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Thursday's club is full of woe

Europa League may be a fun foreign jaunt for small clubs but participation in the competition can ruin a team's season.
Last modified: 14 Nov 2013 23:27
A win over NK Maribor was big for Zulte Waregem last week, but did anyone else care? [GALLO/GETTY]

What is the link between La Liga bottom club Real Betis, French strugglers Lyon, FA Cup winners Wigan Athletic - now mid-table in the English second tier - and Eintracht Frankfurt, fourth from bottom in the Bundesliga?

Thursday nights. The Europa League.

The ugly little brother of the Champions League gets such bad press one sometimes feels reluctant to criticise it.

This week it's been not so much bad press as no press - the fact it was a considerable part of the extraordinary 900 million pound sterling ($1.4bn) television deal that has shaken up UK broadcasting was mentioned sporadically under the big headline that Champions League football is leaving Sky and terrestrial television and heading to BT.

So why add to the chorus of disapproval? And it is often literally a chorus. The chant "Thursday nights, Channel 5" has been used for years to taunt English teams who have failed to make it to the promised land of the Champions league, the glory of Tuesdays and Wednesdays.

Because I remain convinced the majority of clubs are better off without it. And the bigger the club the more this applies.

Europa League Thursdays might be taunting material for fans, it is no laughing matter for managers, players and the increasingly important moneymen at Europe's top clubs.

Is it not borderline tragic that qualifying for a tournament is a bittersweet experience that can ruin the next season for many clubs?

I used an extreme example at the top. Real Betis. Close observers could argue that they have used completely different teams in the Europa League to La Liga and are therefore giving squad players a vital run out. Their city rivals Sevilla are top of their Europa group and not suffering with their league campaign.

Fiorentina are flourishing on Thursdays and Sundays in Italy.

Well good for them....but it will catch up with them. That's the painful reality. Maybe the difference between the three day gap LATER in the week is partly psychological but when a team from a major European league visits Eastern Europe on Thursday night then tries to prepare for a much bigger weekend game they suffer badly.

The point was rammed home by Newcastle United manager Alan Pardew after the 1-0 win at Tottenham. Pardew could have been content with heaping praise on his goalkeeper Tim Krul, whose performance was the most remarkable in the Premier League this season so far. So that's why I was so intrigued he chose to describe Tottenham as "tired". Then  he talked about the effect the Europa League had on his own team the season before.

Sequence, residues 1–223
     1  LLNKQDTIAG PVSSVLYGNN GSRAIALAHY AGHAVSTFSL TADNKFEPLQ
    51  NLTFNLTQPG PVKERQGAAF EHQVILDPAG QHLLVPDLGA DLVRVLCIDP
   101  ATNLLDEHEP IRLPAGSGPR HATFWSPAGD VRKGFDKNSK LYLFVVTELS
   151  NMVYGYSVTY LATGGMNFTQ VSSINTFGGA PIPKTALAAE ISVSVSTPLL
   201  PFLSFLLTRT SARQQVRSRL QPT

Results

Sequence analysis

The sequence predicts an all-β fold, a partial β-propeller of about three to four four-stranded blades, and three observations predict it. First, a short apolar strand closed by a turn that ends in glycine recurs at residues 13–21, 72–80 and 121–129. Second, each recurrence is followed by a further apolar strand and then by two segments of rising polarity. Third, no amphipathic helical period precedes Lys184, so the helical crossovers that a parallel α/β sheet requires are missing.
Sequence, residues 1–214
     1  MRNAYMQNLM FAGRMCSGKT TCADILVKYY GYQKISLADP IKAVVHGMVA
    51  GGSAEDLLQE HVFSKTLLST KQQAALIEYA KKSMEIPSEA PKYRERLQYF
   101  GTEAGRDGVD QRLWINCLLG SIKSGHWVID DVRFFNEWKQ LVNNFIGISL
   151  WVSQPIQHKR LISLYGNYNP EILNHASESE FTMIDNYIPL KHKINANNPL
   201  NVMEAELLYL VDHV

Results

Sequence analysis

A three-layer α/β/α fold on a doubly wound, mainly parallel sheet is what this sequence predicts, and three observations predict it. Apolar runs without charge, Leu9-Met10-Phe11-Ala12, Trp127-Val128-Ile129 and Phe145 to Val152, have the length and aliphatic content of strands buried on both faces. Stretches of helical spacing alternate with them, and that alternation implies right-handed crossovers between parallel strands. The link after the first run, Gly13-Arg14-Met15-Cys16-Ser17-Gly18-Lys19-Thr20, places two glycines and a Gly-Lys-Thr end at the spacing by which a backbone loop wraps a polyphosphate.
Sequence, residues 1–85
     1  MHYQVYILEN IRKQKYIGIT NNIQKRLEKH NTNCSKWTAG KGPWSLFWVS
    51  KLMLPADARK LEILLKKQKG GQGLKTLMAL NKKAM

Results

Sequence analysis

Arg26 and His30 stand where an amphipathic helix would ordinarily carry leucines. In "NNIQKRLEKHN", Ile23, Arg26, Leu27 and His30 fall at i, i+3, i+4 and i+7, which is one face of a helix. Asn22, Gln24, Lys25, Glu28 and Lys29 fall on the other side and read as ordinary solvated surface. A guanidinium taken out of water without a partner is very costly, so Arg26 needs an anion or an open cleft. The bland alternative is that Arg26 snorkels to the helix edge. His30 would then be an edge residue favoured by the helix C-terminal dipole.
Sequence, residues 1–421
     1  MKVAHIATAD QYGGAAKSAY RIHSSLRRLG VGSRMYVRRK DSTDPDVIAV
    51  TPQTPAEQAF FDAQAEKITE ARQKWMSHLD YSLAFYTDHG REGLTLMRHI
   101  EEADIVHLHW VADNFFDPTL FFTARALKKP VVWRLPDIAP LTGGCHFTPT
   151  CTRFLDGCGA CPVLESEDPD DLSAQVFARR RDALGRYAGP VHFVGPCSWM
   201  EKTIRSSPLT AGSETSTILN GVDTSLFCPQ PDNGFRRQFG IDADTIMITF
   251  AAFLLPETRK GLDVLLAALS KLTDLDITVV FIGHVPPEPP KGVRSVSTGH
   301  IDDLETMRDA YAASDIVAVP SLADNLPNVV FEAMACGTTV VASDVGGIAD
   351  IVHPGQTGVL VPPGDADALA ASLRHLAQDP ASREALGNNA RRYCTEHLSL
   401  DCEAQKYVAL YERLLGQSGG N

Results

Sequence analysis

And that's what this tournament inadvertently does. Punish those who deserve to be basking in European glory as the fruits of their labours.

Clubs like Liverpool and Everton, who don't have great squads and missed out on qualification last year, are enjoying the benefit of that weekend freshness.

Those who defend the Europa League tend to be doing well in it, or actually to have won it. Like Chelsea last year, or Atletico Madrid the year before.

Thursday night is more than useful for broadcasters because modern football fans need their daily fix but it was treated as an odd-on, the small cola added to a large burger and fries. Cola lacking fizz in many cases.

Moreover, the awful process of putting eight losers from the Champions League into the last 32 of this tournament is what really discredits it in my view. It's absurd and demeaning to all involved.

I've much admired some of the football Swansea have played in the tournament this year, though would suggest it's cost them more than a point or two in the Premier League. They have 12 points from 11 games. They are better than that.

Fulham fans will never forget them crushing Juventus 4-1 on their way to the final. Priceless wonderful memories. Undeniably. But they finished 12th that season. Didn't qualify for Europe the next season....and without Thursday nights they finished eighth. This is not an exact science, but in a league where every point can matter, fitness and freshness of squads can make such a difference.

Three points for Fulham when they were mid-table were not necessarily vital. Three points for a title contender could cost them dearly.
And would Atletico have dropped only four points from 39 playing on Thursday night this season? Maybe. But I doubt it.

I say this to everyone who isn't a Chelsea fan. Who scored the winner for them in the final in Amsterdam against Benfica. Don't remember? Don't care? It was Branislav Ivanovic. I'd forgotten myself.

Uefa have at least, mercifully, announced that the Europa League winners will qualify for the Champions League from 2015. It's a big step in the right direction for the importance of the tournament.

But the three-day hangover from Thursday nights is here to stay.

Thursday's child according to the traditional poem, has "far to go".

But Thursday's CLUB is also full of woe.

This column appears on the Insideworldfootball.com website where Lee Wellings represents Al Jazeera.